If you grew up in Texas, moved to New York, and tried to find comfort in a Tex-Mex combination plate, you know what I am about to write. Many restauranteurs have tried to open Tex-Mex joints but have failed. What comes naturally to those of us who worship lard-based dishes and chili without beans is a stretch for New York “chefs” who are hell-bent on spinning their own version of Tex-Mex.
Let’s call it a draw: Texans can’t make bagels and New Yorkers fail to effectively reproduce a simple plate of cheese enchiladas.
A few weeks ago, I received an email with “Dallas native starts a Tex-Mex craze in NYC” in the subject line. I took the bait and opened the note.
Blah, blah, blah, “Matt Post is a Dallas native who” blah, blah, blah, “launched New York City’s current Tex-Mex craze when he opened Javelina, a high quality ingredient-driven Tex-Mex restaurant” blah, blah, blah “Since Javelina opened, the city has become obsessed with Tex-Mex” blah, blah.
A few days later, I ran across this story in the New York Post titled “The Hot New Queso Dish That is Driving New Yorkers Loco.” The dish? Bob Armstrong Dip, a signature item on the menu at Matt’s El Rancho in Dallas and Austin.
I imagined a New Yorker cover illustration showing crazed New Yorkers fighting over vats of orange tubs filled with melted Velveeta. I perused the Javelina menu. I decided to check the pulse and called the owner, Matt Post.
I also dispatched two Dallas gals who grew up eating at Mia’s, Mi Cocina, and Matt’s to check it out. The day after I interviewed Post, New York Times critic Pete Wells ripped Javelina a new quesadilla. His issues were mostly with erratic service and cold queso, two irritants not easily dismissed. But what does he know? He refers to “chile sauce” on top of the enchiladas when every food writer south of the Mason-Dixon line knows that it is chili sauce.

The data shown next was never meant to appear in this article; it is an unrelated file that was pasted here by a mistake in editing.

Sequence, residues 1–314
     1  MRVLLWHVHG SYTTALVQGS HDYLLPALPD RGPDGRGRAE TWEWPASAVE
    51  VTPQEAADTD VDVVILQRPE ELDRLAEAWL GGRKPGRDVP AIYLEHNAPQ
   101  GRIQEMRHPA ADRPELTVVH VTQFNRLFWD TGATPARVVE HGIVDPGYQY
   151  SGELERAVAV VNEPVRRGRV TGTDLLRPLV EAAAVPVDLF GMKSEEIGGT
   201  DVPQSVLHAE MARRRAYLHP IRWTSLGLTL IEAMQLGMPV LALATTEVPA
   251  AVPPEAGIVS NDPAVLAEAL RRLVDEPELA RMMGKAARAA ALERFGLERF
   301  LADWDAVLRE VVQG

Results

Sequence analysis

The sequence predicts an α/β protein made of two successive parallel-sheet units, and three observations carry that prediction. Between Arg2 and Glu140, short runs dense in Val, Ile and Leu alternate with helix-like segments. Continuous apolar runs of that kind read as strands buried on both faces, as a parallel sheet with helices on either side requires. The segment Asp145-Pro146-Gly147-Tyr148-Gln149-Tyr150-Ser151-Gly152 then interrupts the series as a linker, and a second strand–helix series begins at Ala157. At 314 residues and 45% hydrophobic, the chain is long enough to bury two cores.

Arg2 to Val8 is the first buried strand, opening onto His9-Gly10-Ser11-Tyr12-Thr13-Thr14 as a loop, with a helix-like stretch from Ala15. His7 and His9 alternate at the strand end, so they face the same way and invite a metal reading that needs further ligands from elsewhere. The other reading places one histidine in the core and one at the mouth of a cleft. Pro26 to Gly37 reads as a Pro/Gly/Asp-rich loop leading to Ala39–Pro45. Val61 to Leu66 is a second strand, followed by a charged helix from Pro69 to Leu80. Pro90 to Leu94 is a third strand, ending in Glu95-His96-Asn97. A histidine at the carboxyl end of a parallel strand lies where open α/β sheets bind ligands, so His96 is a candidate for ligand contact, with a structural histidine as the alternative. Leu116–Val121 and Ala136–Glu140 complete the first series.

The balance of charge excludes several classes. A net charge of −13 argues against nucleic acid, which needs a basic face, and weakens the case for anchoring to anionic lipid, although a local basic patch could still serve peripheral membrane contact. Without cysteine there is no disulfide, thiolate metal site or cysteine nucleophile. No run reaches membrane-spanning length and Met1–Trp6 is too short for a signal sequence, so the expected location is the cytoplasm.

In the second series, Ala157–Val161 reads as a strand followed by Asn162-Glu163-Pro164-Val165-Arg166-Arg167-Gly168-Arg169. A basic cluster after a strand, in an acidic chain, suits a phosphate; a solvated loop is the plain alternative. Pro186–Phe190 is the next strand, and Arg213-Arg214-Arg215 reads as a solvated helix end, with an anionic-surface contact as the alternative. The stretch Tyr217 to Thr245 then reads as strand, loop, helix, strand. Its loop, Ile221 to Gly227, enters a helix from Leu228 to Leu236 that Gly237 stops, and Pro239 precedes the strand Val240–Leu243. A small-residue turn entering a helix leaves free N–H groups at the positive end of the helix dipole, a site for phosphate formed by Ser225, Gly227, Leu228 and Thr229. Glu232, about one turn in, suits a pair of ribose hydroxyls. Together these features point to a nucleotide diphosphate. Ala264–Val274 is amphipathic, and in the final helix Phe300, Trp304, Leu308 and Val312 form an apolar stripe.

But I’m getting off topic.
Post has no prior restaurant experience. He hired Rich Caruso as his chef. Caruso, an Italian from Brooklyn, graduated from The New York Restaurant School and ran the kitchen at the NYCs popular Rosa Mexicana before he was picked off by Hill Country, the Texas-style barbecue joint in the city. Post nabbed Caruso, and they set out across Texas to develop the menu.
Javelina opened in Gramercy Park at the beginning of March. It has been mobbed since the first day. Post was smart. He rounded up over 300 Texans and conducted 25 private tastings. The testers were given ballots and asked for feedback. Caruso adjusted recipes, according to the comments. Tweets, Facebook posts, and Instagram notices spread across the boroughs. Texans came, and they are still coming.
My Dallas gals respected Caruso’s efforts at Javelina. They admit their tastebuds are frantic for anything remotely reminiscent of home. Here is what they had to say about Javelina.
Everything was very rich and packed with toppings and ingredients. The brisket tacos weren’t crisp like Mia’s; they were more Mexican-style with lots of toppings which made it a little more soggy.
The queso at first had a Velveeta-y taste, but it may have been our taste buds adjusting after a queso draught that New Yorker Texans are all too accustomed to. Margaritas were on point and tasted like home. Fajitas were served on a steaming dish; the steak was perfect and better than typical Dallas joint. Chiles rellenos was star dish – deep fried and Austin-style like Matt’s which is plentiful with pecans.
We WILL say that we never crave Tex-Mex in New York because it’s not an option. But even after overdosing last night we want it again.
I’m waiting to hear from other New Yorker Texans. Post and Caruso have something on the menu from all regions of Texas. Check out the photo gallery above. Anybody else been? And Pete, if you want to dine with my experts, they’d love to educate your palate.